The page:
By AB Plum
Writing noir stories short on violence, but long on psychological darkness, I often take a break to read something light or uplifting. I recently finished The Art of Racing in the Rain by Garth Stein (https://www.amazon.com/Art-Racing-Rain-Novel-ebook/). I cried often.
When I finished the last sentence, I closed the book and thought about why I include dogs or cats in my romantic comedies and also in my darker psychological thrillers.
1. Dogs and cats bring out the best in my male characters. The four-legged characters have all come from shelters or “adopted” the hero.
Subtext: These guys—or in two instances young boys—vulnerable for many reasons, caring for their furry companions, show the reader they also take time to care for someone besides themselves.
2. Dogs and cats can increase or decrease tension—especially sexual tension between the Hero and Heroine. In two of my novels, old, abandoned cats fall for the Heroine just like the Hero does.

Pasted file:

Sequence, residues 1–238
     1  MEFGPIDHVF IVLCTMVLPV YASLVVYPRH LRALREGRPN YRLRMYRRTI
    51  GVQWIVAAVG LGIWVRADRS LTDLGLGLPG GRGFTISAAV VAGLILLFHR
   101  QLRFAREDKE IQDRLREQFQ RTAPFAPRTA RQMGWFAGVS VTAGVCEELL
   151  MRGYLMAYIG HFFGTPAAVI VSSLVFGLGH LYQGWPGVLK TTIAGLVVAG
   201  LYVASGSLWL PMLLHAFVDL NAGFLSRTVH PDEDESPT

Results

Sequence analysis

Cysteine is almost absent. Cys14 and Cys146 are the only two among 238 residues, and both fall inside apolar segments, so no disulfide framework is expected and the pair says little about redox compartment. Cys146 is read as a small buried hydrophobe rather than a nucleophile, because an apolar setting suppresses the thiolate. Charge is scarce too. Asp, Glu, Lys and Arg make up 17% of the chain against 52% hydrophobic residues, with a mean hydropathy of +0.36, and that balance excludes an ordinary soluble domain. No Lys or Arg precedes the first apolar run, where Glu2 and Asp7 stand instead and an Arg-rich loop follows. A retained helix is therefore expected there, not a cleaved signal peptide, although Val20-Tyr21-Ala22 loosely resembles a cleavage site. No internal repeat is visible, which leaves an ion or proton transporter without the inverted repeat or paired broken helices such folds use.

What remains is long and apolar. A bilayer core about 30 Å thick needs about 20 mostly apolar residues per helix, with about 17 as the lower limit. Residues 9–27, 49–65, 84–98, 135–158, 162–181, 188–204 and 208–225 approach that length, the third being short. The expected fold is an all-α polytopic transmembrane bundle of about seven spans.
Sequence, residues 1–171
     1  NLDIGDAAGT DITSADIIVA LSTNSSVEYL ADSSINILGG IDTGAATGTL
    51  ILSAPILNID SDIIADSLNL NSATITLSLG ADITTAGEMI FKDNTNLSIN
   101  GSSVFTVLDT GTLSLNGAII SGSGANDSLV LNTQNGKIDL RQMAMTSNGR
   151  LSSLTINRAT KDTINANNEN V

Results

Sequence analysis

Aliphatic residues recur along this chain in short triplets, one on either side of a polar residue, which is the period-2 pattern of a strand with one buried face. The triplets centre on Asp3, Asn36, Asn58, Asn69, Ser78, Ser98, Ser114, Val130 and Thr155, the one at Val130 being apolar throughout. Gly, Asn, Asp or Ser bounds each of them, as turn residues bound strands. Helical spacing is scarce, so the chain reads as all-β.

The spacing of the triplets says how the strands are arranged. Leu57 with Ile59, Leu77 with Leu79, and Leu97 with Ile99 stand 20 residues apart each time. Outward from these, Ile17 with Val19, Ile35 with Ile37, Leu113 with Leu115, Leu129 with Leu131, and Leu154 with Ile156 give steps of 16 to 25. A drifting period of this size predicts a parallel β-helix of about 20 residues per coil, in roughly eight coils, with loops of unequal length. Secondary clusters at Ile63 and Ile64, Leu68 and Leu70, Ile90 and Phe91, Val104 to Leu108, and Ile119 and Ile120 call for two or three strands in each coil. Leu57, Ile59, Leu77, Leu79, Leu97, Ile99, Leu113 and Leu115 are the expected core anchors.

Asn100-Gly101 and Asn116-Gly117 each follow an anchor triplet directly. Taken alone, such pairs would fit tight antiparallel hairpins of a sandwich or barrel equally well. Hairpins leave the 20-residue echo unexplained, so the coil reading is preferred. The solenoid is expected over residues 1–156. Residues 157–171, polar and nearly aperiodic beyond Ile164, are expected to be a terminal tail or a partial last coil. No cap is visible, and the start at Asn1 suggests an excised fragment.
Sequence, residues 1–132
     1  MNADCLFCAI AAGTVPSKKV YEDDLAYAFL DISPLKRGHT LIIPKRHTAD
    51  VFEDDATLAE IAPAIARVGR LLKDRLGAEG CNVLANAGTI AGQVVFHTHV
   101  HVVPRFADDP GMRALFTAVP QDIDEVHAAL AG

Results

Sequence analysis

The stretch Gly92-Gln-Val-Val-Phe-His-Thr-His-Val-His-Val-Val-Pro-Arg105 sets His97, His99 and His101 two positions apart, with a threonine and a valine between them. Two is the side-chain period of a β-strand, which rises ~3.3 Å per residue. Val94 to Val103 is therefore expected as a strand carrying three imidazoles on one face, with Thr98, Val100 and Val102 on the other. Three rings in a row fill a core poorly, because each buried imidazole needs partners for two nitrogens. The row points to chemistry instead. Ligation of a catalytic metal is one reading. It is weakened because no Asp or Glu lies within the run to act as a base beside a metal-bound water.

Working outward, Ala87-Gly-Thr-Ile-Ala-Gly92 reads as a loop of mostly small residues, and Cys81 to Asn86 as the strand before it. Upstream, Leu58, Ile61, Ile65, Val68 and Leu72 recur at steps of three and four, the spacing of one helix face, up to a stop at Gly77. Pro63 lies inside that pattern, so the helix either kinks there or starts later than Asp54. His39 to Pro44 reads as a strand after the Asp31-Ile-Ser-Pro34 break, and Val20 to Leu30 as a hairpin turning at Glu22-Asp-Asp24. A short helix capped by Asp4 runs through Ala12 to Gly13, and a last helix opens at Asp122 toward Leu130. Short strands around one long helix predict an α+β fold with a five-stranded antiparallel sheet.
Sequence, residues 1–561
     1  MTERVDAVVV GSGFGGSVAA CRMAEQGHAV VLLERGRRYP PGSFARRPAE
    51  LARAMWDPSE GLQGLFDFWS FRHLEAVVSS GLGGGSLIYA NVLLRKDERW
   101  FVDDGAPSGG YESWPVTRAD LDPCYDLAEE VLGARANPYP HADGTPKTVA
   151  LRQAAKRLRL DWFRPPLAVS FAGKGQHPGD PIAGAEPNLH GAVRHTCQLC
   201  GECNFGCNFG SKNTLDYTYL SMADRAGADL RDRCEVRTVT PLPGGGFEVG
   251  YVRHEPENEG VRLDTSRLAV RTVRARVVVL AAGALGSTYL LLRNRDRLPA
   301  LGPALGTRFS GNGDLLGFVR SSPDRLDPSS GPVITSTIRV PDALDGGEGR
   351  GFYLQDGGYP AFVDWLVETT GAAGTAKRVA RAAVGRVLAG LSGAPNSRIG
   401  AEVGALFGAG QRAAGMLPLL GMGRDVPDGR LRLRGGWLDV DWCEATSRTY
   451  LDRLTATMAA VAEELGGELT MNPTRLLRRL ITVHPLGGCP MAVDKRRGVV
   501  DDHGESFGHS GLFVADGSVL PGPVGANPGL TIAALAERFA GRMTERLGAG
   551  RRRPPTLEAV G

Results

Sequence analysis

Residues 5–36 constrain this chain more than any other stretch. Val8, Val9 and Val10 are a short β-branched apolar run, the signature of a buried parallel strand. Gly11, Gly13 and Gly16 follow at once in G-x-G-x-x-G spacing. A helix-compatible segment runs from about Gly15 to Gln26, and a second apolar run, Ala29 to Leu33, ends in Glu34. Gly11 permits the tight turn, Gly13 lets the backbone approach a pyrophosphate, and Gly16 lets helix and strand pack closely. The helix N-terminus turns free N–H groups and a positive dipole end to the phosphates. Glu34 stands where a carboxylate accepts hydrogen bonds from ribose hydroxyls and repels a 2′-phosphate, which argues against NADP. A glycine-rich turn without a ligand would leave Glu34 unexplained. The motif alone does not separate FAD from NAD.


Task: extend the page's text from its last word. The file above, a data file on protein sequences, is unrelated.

3. Dogs and cats offer unconditional love to kids caught up in the twists and turns of the plot. Little boys can play Frisbee or chase with a dog and forget his parents’ divorce or his father’s disappearance. A teen-age girl, on the other hand, prefers a cat because they—frankly— smell better.
4. Dogs and cats provide lots of chances to inject humor—often physical. Even on the darkest pages I write, I want to offer at least a ray of light.
Subtext: A smile or a chuckle often works as well as a belly laugh to give the reader a bit of relief.
What about you, do you prefer all your characters to be human[oid]? Shoot me a yes-or-no reply: email@example.com. I answer all my email.
Accompanied by canine-companions in Southern Missouri, I developed a love of walking fast. Disregarding my Creative Writing prof’s advice, I wrote about the death of a favorite dog and received a C+. Maybe I’ve found the origins of this blog.
Coming in mid-October, The Early Years, the first serial installment of The MisFit Series. No dogs or cats until Book 4.